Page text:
You are legally entitled to view the evidence and, by rights the council should freeze the clock while they arrange a viewing. There is no consistent London-wide policy relating to your access to the video evidence. Some councils will send you a copy on demand, others will charge you £10 for a copy (what a cheek!) and in some cases you have to make an appointment to view in a high security environment.

Incidentally I know of one ‘victim’ who has been waiting two months to view a video!

A logical move would be to make the evidence available on demand on the internet like so many police forces do with speeding cameras. I am reliably informed that this is under consideration, but the speed of development is constrained by time, money and available expertise. Issues of security and data protection also prevail.

In the mean time, forget about still photos. Demand to see the video, at your convenience, and do not pay for a copy.

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Vague Locus

March 8, 2007

“We’re not lost. We’re locationally challenged.” (John M. Ford)

I don’t think the expression ‘Vague Locus’ is an official legal term, but it is meant to convey the meaning of ‘uncertain position’ or ‘imprecise location’.

When a local authority sends you a PCN for a traffic contravention they are supposed to state “the grounds on which the council or, as the case may be, Transport for London believe that the penalty charge is payable with respect to the vehicle;” To put it simply, what you were doing that was wrong, and where you were doing it.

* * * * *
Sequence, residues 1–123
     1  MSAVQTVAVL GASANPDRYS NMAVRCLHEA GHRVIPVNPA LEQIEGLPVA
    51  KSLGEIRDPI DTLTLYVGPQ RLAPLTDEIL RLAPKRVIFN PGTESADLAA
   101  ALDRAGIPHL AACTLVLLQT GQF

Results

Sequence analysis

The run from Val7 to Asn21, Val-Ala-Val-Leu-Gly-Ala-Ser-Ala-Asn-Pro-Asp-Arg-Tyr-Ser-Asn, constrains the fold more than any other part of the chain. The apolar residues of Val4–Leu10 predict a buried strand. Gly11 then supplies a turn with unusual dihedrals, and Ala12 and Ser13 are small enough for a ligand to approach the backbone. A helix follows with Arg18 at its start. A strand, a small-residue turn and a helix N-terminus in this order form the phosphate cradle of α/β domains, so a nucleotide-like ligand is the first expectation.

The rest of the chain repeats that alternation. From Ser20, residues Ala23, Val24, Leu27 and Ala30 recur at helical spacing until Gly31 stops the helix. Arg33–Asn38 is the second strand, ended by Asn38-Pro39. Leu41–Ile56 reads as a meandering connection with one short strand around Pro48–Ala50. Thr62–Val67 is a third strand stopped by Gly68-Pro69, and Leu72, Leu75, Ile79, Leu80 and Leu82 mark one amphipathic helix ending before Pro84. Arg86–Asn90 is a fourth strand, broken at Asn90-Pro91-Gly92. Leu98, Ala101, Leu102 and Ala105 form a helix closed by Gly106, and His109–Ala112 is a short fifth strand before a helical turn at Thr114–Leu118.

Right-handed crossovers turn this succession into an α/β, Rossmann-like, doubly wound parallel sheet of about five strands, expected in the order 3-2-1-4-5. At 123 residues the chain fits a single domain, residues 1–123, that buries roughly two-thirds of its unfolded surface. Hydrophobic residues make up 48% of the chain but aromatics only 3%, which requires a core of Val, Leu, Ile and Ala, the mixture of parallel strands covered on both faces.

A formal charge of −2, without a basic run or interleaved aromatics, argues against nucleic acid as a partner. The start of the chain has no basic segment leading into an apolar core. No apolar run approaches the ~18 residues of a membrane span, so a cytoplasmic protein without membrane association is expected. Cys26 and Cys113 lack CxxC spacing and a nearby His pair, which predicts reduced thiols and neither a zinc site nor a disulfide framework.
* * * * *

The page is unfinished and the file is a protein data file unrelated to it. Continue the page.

I lot of councils put a couple of small blurry pictures on the PCN and many of them just state the location of the contravention as the road, for instance Green Lanes. For those of you that don’t know North London, Green Lanes is one of those roads that goes on for miles and miles – and yes, it does contain many box junctions. If you drive up and down it each day, then you may be able to identify the precise location from the pictures. If you are a stranger to the area, then you won’t have a clue where you were caught on camera. So if you don’t know where you were meant to be, how can you remember what you did? How can you decide whether to challenge the PCN?

There have been a number of successful appeals that were allowed on the principle of ‘Vague Locus’, so it was one of the points we used to challenge a recent case against Islington Council for a PCN issued in Liverpool Road, N1. (You can read the appeal document here.) Of the many points raised in the appeal, this was the one that the adjudicator chose to home in on to invalidate the PCN.

One of the limitations of the appeals system is that, unlike the Courts, a decision made by one adjudicator is not binding on another. As a result the system is very random and a lot depends on which side of bed the adjudicator got out of on the morning in question. However, presentation of past appeals illustrating the repeated application of the same principle is something that cannot be ignored by the adjudicator.

There are now a number of cases that tend to establish the principle of Vague Locus when it comes to yellow box junctions. After all it is a box junction, so surely the location should be specified as (e.g.) “Junction of Yellow Brick Road and Mean Street, NE9”.

If your PCN does not specify the location precicely, challenge it.